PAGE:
Use of force
'use of force' is a term used to describe types of restrictive practice such as physical restraint, enforced medication and isolation.
Staff will only ever use these restrictive interventions as a last resort and when all other attempts to help have not worked. We recognise that this can be traumatic for all involved and our staff are trained in therapeutic care and de-escalation skills to reduce the need for the use of force.
The Mental Health Units (Use of Force) Act 2018 (also known a Seni’s law) is an act that aims to reduce these interventions and make sure that any use is accurately recorded and monitored.
We will always try to uphold people’s rights to safety and aim to maintain a safe therapeutic environment for all. Sometimes, when somebody is unwell and distressed or agitated, restrictive practice may be needed to keep the person or other people safe.
Do I have a choice?
We encourage all our patients, their families, supporters and advocates to be involved in care planning with staff to help us avoid the use of force. This may involve conversations about what is helpful when someone is becoming distressed and what to do or avoid as far as possible.
Some people might prefer for a certain type of medication or restraint to be used or avoided. This may be recorded in your care planning as a preference, or more formally known as an advanced decision. It may be that in some situations a person’s wishes are overridden to keep themself or others safe.
Patients may be in hospital on a voluntary basis or detained under the Mental Health Act (MHA) which may influence some of the care provided.
In both cases, staff will always explain a person’s rights to them, work collaboratively and only use restrictive interventions as a last resort.
Examples of restrictive interventions
Staff are trained to always use the least restrictive interventions that are a proportionate response to the risk and for no longer than necessary. Staff will always minimise any harm and treat people with respect and dignity.
This training is accredited to meet the Restraint Reduction Network (RRN) Training Standards.
- Standing: Staff members may take hold of a person’s arms and may guide them to another area.
- Seated: Staff members may sit either side of a person in a safe area, and support their arms.
- Beanbag: Staff members may support a person lying on their back, on a beanbag.
- Supine: Staff members may support a person lying on their back on the floor.
- Prone: Staff members may support a person lying on their front on the floor.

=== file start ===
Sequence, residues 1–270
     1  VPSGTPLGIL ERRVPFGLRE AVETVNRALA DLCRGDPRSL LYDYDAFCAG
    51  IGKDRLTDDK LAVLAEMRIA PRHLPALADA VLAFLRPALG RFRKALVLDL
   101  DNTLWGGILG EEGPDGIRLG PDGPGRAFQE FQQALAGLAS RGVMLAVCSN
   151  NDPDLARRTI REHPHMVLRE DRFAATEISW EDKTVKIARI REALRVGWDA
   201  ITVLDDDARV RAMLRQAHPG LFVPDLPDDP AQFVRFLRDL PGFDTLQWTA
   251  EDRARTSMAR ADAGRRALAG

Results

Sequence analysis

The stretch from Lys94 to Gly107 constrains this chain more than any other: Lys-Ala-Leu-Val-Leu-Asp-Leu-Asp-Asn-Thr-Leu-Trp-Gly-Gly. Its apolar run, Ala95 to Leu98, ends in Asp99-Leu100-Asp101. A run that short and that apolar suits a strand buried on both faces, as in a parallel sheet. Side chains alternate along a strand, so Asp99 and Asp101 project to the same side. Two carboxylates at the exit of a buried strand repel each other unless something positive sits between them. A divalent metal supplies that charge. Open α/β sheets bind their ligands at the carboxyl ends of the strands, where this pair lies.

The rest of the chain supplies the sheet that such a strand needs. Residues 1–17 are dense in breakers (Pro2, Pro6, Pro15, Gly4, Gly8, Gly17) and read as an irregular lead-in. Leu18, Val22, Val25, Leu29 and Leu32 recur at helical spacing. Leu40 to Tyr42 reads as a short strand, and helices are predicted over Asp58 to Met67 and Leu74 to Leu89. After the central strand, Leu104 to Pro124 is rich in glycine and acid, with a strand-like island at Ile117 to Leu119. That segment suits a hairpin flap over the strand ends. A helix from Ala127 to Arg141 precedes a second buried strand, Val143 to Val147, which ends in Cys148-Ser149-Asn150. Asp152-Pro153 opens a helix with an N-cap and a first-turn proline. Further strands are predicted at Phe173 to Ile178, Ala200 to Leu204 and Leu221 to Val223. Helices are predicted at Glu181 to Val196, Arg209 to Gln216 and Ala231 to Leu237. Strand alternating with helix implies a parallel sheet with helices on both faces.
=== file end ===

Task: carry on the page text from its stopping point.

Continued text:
- Seclusion: Staff members may guide a person to a designated isolation area, away from others. Staff will remain with the person but will be outside of the room. The person will need to remain in this room until it is safe for them to leave.
- Rapid tranquillisation: Sometimes staff may offer medication to help reduce distress. In cases of extreme distress or agitation and where a person is unable to take medication orally, it may be given as an injection while the person is in restraint.
What happens afterwards?
After any use of force, staff will offer those involved a debrief, this may also include families, carers and advocates. The debrief is a conversation about what has happened and how we can avoid the same situation happening again. Staff will also have their own debrief.
Staff will frequently check physical observations such as blood pressure and pulse. These steps are important because it allows staff the opportunity to check on someone’s physical and mental wellbeing after any use of force.
Concerns about the use of force
If you are concerned about the use of force, we would suggest speaking to staff on the ward.
You may also prefer to speak to an Independent Mental Health Advocate (IMHA) who can also advise you of your rights. Staff can support you to do this.
If you do not feel that your concerns have been fully addressed you may wish to consider making a complaint, you can do this in the following ways.
PALS freephone 0800 587 4997
Complaints Team 01202 277024/277025
Aged 18+: SWAN Independent Mental Health Advocacy (IMHA): 03333 447928 Get somebody to speak for you so you can get support - Dorset Council
From birth to 18 ‘National Youth Advocacy Service (NYAS): 08088 081001 Independent advocacy - Dorset Council
4-6 Nuffield Road
Poole BH17 0RB